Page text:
What Oreos and team meetings have in common

Every Thanksgiving at approximately 6:30pm my mother starts her high-intensity kitchen circuit: a lunge to mix the brussel sprouts, a deep squat to peer down at the illuminated oven, a long jump to baste the bird. At the end of the routine, the competitor leans against the counter and beckons the attention of her rapt audience: "Let me make this clear as day: I will never do this again!" And yet, each year, November rolls around, and there she is, in her competitive garb (apron + sneakers), ready to attack the circuit once more. My mother’s performance has become my family’s most treasured (and amusing) holiday ritual.  

No doubt many of you have holiday rituals too: you might watch football or share a note of gratitude with your dinner companions. Or maybe you resist the hubbub altogether and head to your favorite take-out spot. Every day we perform rituals, big and small. Why do we insist on engaging in these practices? Some might argue that ritual is simply about control, but I wonder if there’s something more intrinsic that motivates us.

Take eating as an example. In the Power of Rituals in Life, Death, and Business, Carmen Nobel makes the case that people who perform a ritual before they eat actually believe that the food tastes better. That must be why I do that wine swirl thing before I take a sip of an exorbitantly priced two-buck chuck at a restaurant and then say to the waiter, “Oh, that’s delightful!” When I eat an Oreo, I must rigidly adhere to these 3 steps:

  1. Twist the cookie in order to separate it into two halves. 
  2. Scrape off the sweet filling with teeth.
  3. Consume each cookie with exaggerated chomps, creating the loudest crunch effect possible. 

To imagine just eating an Oreo sandwich intact… no, no, no! Apparently, my neurosis has a basis in actual research. “With consumption, rituals seem to work because they increase your involvement in the experience" (Nobel, 2013).1 In other words, rituals help us engage more fully in whatever it is we're doing. As a result, we are more likely to be fulfilled.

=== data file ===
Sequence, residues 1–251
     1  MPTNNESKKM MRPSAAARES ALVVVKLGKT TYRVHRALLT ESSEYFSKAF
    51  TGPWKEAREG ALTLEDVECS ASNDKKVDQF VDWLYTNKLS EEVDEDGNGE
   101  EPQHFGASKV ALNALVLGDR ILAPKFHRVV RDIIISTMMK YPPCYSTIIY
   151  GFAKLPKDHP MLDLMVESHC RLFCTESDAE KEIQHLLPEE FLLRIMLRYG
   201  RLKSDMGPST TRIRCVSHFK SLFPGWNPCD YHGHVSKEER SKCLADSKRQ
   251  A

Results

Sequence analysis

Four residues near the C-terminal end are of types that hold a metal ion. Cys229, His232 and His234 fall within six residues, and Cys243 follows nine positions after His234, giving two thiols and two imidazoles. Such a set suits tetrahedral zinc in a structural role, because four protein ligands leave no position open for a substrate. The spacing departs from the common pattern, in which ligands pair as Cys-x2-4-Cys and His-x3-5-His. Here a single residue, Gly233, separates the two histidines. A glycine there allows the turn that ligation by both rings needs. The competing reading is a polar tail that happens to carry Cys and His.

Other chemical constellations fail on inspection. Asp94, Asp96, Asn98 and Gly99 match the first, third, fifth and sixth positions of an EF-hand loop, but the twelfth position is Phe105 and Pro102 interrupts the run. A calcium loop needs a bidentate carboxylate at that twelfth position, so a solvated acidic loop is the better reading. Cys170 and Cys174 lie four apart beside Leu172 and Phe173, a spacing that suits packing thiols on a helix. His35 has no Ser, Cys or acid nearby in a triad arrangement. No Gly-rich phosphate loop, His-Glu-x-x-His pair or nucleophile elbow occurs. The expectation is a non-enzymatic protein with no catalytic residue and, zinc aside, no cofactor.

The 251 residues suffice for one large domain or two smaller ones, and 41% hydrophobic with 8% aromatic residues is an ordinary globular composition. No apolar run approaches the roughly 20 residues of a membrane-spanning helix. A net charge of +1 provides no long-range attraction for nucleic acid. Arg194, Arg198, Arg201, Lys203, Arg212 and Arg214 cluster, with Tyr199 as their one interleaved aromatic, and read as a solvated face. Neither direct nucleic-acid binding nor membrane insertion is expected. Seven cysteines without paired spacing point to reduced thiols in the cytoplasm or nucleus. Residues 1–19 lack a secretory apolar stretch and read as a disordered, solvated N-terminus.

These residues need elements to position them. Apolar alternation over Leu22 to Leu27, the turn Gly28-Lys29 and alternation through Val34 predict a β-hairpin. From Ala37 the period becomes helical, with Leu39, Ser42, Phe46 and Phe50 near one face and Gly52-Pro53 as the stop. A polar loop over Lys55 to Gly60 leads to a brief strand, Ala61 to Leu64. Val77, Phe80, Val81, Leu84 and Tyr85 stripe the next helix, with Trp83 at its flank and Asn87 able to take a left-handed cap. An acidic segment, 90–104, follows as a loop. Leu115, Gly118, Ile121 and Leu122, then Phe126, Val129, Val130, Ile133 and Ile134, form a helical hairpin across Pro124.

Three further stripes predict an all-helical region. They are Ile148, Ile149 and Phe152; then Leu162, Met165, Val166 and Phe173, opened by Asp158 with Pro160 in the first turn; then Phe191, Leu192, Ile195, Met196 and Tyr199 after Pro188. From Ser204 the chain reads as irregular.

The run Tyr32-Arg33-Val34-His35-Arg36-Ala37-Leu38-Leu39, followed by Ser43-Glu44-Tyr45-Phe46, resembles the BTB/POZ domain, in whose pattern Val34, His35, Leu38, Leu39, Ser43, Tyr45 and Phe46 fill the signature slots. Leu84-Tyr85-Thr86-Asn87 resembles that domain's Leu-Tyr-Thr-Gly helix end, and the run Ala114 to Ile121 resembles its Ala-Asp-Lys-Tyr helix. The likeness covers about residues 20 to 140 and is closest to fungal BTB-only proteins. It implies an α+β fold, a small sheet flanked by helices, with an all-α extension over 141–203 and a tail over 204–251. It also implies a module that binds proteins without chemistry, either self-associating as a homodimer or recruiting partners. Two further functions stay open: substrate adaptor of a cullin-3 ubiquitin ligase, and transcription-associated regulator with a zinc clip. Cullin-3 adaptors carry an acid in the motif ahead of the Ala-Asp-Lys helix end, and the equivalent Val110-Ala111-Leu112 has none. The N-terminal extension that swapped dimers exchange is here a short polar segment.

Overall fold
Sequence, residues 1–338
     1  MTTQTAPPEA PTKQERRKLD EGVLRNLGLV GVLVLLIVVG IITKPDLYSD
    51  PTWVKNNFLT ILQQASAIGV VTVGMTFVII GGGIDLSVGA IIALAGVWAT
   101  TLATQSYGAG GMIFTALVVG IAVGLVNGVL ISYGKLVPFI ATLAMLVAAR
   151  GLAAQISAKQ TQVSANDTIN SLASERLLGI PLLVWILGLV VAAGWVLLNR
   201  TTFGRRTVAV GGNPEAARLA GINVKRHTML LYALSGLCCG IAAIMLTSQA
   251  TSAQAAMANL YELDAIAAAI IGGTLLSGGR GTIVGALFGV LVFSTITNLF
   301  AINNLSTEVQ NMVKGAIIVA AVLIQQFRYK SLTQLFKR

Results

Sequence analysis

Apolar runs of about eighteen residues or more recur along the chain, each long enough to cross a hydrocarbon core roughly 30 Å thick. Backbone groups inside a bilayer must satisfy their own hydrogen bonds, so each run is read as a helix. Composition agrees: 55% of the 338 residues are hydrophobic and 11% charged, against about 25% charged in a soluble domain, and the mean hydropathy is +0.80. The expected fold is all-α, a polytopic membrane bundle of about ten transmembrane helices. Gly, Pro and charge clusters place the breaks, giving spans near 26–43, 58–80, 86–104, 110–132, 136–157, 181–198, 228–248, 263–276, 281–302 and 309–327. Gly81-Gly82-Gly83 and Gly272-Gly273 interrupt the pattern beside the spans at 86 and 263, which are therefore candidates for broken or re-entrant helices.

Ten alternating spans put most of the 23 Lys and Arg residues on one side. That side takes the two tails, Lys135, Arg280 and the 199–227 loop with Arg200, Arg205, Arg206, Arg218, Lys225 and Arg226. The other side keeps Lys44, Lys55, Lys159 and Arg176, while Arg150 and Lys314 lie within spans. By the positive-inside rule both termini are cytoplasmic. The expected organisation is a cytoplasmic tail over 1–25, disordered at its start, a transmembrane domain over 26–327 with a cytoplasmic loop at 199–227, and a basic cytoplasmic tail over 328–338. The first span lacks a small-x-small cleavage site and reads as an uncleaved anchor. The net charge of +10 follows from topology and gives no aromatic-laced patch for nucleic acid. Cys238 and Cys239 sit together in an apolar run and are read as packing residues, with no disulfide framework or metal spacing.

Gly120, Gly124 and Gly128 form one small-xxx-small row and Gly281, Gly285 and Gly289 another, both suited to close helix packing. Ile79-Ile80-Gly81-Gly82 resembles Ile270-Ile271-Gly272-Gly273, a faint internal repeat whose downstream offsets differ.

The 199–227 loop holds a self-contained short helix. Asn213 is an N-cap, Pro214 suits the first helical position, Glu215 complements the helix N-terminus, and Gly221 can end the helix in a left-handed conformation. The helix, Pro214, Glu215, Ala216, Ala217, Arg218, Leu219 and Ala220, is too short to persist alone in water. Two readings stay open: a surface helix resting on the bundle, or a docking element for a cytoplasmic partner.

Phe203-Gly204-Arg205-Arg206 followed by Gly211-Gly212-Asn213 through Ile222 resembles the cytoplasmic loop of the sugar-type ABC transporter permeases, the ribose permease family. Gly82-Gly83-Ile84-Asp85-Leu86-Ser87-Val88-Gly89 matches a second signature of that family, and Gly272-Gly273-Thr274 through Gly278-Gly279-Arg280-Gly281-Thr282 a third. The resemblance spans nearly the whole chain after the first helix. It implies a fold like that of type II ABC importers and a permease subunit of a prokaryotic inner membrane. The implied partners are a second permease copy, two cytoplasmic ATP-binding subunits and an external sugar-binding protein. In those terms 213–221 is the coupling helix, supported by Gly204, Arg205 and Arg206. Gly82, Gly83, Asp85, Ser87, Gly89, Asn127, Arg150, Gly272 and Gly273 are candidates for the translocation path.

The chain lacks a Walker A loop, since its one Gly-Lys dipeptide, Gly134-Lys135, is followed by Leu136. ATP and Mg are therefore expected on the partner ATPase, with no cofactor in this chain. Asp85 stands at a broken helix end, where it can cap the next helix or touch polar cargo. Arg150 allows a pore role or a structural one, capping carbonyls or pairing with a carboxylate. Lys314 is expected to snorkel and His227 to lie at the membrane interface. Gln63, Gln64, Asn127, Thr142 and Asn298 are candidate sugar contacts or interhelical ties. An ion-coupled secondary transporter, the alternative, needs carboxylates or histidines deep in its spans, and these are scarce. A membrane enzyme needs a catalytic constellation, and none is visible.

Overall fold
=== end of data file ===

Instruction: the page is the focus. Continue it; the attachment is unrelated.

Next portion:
At Franklin Street, we extend the power of rituals to our work. We use rituals to increase predictability in an increasingly unpredictable world; to help us feel a sense of shared purpose as a team; and to express our core values to the communities we work with. I’ll share a couple of examples. 


Every Monday, we host a team huddle during which we answer the same 5 questions: 

Predictability is comforting. It’s soothing to know that on Monday afternoons we gather to connect and run through our week’s priorities. When we ask, “What has your attention?” we are inviting people to share –  openly and humanly – about what’s occupying their headspace. Rituals around connection help teams foster “psychological safety”, and teams with higher psychological safety feel safer taking more creative risks and embracing mistakes as learning opportunities (Gallo, 2023).2

Shared purpose

We also use rituals to stay focused on our collective purpose. Once a month, we set aside a half day to pause and reflect on our strategy. This intermission from the everyday buzz helps us ground in our shared purpose. We remember why we’re doing what we do and focus together on strengthening our strategy. The result is that we find meaning in our work, and that doesn’t just feel good – we actually do better work. Teams who view their work as meaningful are “more motivated, happier, and more productive” (Senz, 2022).3 

"Rituals around connection help teams foster “psychological safety”, and teams with higher psychological safety feel safer taking more creative risks and embracing mistakes as learning opportunities."

— Amy Gallo, Harvard Business Review

Core values 

Rituals also help us express our espoused values in tangible ways. Every December we give our closest partners and collaborators resources to donate to any organization that they care about. We do this because we believe in contributing directly to communities that we value. 

So, as you wind down for your holiday break, take stock of the little weird rituals that bring you comfort and joy (how do you eat an Oreo?). And ask yourself: what's one small ritual I can introduce to my team at work? Rituals at work don’t have to be complicated or over-the-top. They can be as simple as asking a good question at the beginning of every team meeting. Rituals help us connect more deeply to each other and our shared purpose.

  1. Nobel, C. (2013). The Power of Rituals in Life, Death, and Business. Harvard Business School: Working Knowledge, Research & Ideas. ↩︎
  2. Gallo, A. (2023). What is Psychological Safety? Harvard Business Review: Leadership and Managing People ↩︎
  3. Senz, K. (2022). Rituals at Work: Teams That Play Together Stay Together. Harvard Business School: Working Knowledge, Research & Ideas ↩︎